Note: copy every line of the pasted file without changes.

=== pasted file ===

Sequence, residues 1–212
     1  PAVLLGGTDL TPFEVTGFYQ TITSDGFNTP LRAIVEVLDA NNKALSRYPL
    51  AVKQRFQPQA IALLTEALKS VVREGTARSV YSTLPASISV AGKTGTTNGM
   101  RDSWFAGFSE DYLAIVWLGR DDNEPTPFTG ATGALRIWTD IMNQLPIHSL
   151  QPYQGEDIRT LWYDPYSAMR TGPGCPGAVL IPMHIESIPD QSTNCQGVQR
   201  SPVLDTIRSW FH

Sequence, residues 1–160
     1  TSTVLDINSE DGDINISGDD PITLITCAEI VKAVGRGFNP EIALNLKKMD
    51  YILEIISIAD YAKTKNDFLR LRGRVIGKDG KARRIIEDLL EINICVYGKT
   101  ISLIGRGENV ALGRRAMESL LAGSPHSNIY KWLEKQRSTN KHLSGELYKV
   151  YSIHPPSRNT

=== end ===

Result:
Sequence, residues 1–212
     1  PAVLLGGTDL TPFEVTGFYQ TITSDGFNTP LRAIVEVLDA NNKALSRYPL
    51  AVKQRFQPQA IALLTEALKS VVREGTARSV YSTLPASISV AGKTGTTNGM
   101  RDSWFAGFSE DYLAIVWLGR DDNEPTPFTG ATGALRIWTD IMNQLPIHSL
   151  QPYQGEDIRT LWYDPYSAMR TGPGCPGAVL IPMHIESIPD QSTNCQGVQR
   201  SPVLDTIRSW FH

Sequence, residues 1–160
     1  TSTVLDINSE DGDINISGDD PITLITCAEI VKAVGRGFNP EIALNLKKMD
    51  YILEIISIAD YAKTKNDFLR LRGRVIGKDG KARRIIEDLL EINICVYGKT
   101  ISLIGRGENV ALGRRAMESL LAGSPHSNIY KWLEKQRSTN KHLSGELYKV
   151  YSIHPPSRNT